Vigilant DNR watercraft inspectors prevented the introduction of starry stonewort to Lake Superior, which is currently not known to be infested with the harmful invasive species.
A DNR watercraft inspector saw what appeared to be grass in the motor intake of a boat whose owner approached the Agate Bay public water access to Lake Superior in Lake County. Upon closer examination, the inspector noticed the small star-shaped bulbils that indicate starry stonewort. The boat owner said the boat had been on Bowen Lake in Cass County the previous weekend. Starry stonewort was confirmed on Bowen Lake in August. The inspector used the decontamination station on site to ensure the invasive species was removed before the boat entered Lake Superior.
“If not for the vigilance of this DNR watercraft inspector, starry stonewort would have been introduced to Lake Superior,” DNR Watercraft Inspection Program Coordinator Adam Doll said. “This incident is just one example of how the DNR, our partners, volunteers and vigilant Minnesotans work together to prevent the spread of invasives. It also reminds everyone to carefully inspect watercraft when they leave any waterbody or face a fine and the possibility of spreading invasive species to a new lake.”
Nearly 900 watercraft inspectors were hired in Minnesota this year and trained by the DNR. This included about 800 local government watercraft inspectors and 100 DNR inspectors. DNR Conservation Officers also assist with watercraft inspections statewide. Local government watercraft inspectors are funded by a portion of the $10 million Minnesota counties receive to prevent the spread of aquatic invasive species.
Starry stonewort has been confirmed in 23 water bodies in Minnesota. It was first confirmed in Minnesota in 2015.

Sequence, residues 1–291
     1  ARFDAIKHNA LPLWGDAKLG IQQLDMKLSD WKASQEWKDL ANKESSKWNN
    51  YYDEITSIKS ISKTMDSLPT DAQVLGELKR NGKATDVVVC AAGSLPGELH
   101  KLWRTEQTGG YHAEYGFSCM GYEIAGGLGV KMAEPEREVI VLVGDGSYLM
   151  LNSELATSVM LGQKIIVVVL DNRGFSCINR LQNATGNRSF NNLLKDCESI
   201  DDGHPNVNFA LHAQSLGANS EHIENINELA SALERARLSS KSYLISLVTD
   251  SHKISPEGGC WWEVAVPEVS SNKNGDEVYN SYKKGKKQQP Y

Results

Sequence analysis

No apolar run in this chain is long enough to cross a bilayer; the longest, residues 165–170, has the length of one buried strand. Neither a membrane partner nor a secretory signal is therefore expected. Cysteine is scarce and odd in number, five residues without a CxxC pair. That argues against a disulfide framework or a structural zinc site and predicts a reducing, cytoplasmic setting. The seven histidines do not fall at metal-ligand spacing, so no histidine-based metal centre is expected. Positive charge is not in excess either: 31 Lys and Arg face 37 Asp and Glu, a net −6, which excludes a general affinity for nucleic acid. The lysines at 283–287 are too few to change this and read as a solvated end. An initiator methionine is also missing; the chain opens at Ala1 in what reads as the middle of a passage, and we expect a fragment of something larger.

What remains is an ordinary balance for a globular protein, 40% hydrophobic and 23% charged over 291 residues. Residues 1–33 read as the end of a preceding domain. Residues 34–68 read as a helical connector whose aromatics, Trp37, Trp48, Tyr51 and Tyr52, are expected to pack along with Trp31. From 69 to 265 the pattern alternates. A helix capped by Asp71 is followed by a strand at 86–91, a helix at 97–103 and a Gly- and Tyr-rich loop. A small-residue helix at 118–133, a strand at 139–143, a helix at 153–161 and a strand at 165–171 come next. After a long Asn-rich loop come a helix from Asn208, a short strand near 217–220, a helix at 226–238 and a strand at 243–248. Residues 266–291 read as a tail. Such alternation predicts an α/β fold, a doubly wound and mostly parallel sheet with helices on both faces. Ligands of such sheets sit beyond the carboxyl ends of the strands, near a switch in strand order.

In late summer and early fall, starry stonewort’s small white star-shaped bulbils become more visible, making it easier to distinguish from other aquatic plants. Information on how to identify starry stonewort can be found on the DNR’s website. If people think they’ve found starry stonewort or any other invasive species new to a lake or river, they should report it to the DNR by contacting their area invasive species specialist. People who want to help search for starry stonewort and other invasive species can also sign up for “Starry Trek,” an annual statewide volunteer event coordinated by University of Minnesota Extension.
Starry stonewort is an algae that looks like native aquatic plants and can form dense mats, which can interfere with recreational uses of a lake and compete with native plants. It is most likely spread when fragments have not been properly cleaned from trailered boats, personal watercraft, docks, boat lifts, anchors or other water-related equipment.
Whether or not a lake has any invasive species, Minnesota law requires people to:
- Clean watercraft, trailers and equipment to remove aquatic plants and prohibited invasive species.
- Drain all water and leave drain plugs out during transport.
- Dispose of unwanted bait in the trash.
- Never release bait, plants or aquarium pets into Minnesota waters.
- Dry docks, lifts and rafts for 21 days before moving them from one waterbody to another.
These additional steps reduce the risk of spreading aquatic invasive species:
- Decontaminate watercraft and equipment – find free stations on the courtesy decontamination page of the DNR website.
- Spray with high-pressure water or rinse with very hot water (120 degrees for at least two minutes or 140 degrees for at least 10 seconds).
- Dry watercraft and equipment for at least five days before using in another water body.
More information is available on the aquatic invasive species page of the DNR website.